Beirut is the Capital of Lebanon and its largest city. It is located on a cape almost in the middle of Lebanon’s Mediterranean coast on a peninsula that was once divided into two islands by the River of Beirut, that have silted over time.
It is a vibrant city with many historic and contemporary attractions. It is said that from its harbour the first Umayyad caliph, Muawiya, launched his campaign against Cyprus in the 7th century. Beirut was a major center in many of the cultures that succeeded in ruling the eastern Mediterranean. Beirut became a prominent Roman city. That is attested by the extensive Roman remains in the city which include a hippodrome, basilicas, baths, and the Cardo Maximus, in addition to many historical documents. During this period, the city was the Chair of the renowned Beryte Law School. Many of the archaeological findings are located in the National Museum.
The city was destroyed by a tidal wave and a major earthquake in 551 AD. In 635 A.D. Beirut fell to the Umayyads, and it remained under the rule of Islamic dynasties until 1110. In 1291, the Mamluks included the city in their empire. Like the rest of Lebanon it fell to the Ottoman in 1516, and only in 1918, the French ended the Ottoman dominance. Due to its commercial port, the growing economic role of Beirut on the Lebanese coast enabled it to become the capital of the newly formed country in 1922.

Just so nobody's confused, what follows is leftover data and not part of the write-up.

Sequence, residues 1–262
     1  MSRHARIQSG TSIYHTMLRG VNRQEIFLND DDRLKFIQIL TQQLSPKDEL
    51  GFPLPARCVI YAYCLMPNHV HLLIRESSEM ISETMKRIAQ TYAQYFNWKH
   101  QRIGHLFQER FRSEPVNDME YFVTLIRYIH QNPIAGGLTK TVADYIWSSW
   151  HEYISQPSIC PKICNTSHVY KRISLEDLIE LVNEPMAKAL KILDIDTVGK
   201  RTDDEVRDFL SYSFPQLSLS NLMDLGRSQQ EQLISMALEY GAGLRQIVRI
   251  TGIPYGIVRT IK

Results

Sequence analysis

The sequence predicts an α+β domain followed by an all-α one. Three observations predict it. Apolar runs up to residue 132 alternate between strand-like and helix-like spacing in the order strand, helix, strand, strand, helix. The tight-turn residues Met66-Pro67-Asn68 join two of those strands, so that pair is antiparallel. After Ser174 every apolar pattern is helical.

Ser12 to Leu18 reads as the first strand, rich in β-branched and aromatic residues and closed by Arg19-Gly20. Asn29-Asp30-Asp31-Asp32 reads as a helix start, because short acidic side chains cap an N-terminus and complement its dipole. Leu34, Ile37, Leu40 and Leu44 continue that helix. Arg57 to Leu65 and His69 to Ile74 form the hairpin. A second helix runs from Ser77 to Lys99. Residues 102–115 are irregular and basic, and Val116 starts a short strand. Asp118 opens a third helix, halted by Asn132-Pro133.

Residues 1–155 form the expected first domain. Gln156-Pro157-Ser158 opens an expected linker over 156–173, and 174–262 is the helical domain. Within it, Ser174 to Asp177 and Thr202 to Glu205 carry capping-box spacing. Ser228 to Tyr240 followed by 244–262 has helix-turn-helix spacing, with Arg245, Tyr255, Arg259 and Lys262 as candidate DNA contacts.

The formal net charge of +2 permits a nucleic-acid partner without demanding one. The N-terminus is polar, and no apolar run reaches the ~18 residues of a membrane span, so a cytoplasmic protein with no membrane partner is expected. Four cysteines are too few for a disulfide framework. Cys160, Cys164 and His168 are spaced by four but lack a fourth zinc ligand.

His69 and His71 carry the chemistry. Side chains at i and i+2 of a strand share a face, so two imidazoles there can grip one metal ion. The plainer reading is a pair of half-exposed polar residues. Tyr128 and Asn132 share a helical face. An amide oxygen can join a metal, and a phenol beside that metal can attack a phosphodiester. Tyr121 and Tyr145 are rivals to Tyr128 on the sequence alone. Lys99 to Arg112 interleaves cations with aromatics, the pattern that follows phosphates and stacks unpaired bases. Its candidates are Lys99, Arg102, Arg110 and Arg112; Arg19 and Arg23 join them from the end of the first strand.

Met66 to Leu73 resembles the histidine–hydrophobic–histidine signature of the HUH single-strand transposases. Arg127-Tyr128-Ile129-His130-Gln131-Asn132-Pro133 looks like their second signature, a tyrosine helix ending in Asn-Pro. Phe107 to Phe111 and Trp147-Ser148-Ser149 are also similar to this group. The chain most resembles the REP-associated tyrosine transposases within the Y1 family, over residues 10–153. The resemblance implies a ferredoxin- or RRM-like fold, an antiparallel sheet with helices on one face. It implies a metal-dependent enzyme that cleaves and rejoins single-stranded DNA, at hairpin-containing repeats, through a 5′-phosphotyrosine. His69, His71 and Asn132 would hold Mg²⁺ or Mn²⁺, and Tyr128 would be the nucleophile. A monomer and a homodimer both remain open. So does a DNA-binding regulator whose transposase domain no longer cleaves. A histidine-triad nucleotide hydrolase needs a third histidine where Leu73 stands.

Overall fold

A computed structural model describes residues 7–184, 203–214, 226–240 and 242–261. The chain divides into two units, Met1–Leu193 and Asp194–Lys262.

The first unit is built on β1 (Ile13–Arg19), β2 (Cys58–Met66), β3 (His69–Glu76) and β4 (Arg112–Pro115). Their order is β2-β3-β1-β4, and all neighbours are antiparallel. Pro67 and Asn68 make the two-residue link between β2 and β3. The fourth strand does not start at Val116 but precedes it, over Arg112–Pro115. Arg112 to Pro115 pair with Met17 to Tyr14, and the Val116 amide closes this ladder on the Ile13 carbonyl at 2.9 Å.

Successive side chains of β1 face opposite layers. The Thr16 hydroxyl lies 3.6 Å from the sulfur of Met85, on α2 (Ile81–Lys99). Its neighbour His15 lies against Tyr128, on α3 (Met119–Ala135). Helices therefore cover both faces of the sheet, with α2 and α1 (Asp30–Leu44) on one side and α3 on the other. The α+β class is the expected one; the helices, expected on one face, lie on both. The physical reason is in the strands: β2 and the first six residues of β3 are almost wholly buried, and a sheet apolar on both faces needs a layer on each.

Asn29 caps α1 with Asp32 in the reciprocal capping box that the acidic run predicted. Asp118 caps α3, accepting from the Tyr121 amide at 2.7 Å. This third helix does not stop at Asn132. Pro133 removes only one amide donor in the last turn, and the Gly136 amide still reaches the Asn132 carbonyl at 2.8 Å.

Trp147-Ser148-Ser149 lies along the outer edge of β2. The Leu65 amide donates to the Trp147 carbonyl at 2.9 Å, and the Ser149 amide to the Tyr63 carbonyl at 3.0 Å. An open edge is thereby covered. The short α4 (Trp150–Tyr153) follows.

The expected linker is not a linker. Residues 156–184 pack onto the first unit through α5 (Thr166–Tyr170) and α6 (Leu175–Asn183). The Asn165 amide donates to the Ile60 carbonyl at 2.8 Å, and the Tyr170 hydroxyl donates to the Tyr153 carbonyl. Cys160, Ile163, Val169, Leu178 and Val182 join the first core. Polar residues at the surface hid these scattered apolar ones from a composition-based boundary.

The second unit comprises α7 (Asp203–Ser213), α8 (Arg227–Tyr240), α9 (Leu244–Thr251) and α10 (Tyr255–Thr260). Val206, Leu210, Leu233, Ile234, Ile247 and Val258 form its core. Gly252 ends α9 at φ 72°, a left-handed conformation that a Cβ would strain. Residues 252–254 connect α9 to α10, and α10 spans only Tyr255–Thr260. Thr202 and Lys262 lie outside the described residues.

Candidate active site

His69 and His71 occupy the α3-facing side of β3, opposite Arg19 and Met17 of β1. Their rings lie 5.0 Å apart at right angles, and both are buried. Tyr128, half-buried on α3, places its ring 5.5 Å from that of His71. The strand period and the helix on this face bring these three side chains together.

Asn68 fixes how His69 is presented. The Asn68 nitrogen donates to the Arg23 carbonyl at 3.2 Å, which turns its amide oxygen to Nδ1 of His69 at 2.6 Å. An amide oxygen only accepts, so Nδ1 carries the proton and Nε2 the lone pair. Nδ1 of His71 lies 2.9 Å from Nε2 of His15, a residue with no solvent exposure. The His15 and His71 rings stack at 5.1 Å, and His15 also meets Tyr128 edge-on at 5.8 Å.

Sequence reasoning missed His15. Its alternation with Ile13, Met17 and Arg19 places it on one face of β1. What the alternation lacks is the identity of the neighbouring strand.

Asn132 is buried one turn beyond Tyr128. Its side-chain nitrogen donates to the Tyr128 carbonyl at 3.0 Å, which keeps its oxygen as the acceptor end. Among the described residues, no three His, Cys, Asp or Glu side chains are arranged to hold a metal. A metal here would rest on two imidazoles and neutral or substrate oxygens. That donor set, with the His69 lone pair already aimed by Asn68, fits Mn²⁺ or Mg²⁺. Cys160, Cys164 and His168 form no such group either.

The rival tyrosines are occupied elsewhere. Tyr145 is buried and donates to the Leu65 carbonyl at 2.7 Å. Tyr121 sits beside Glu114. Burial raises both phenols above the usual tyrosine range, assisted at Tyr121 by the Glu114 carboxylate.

The urban history of the city so started in the late Ottoman Empire with the modernization policy that created several monumental buildings and public squares. This continued into the French mandate period and after the independence in 1943. The city center, which was severely damaged in the civil war in 1975, was restored in late 1990s. It is now a hub for commercial and entertainment outlets in addition to governmental buildings along with historic churches and mosques.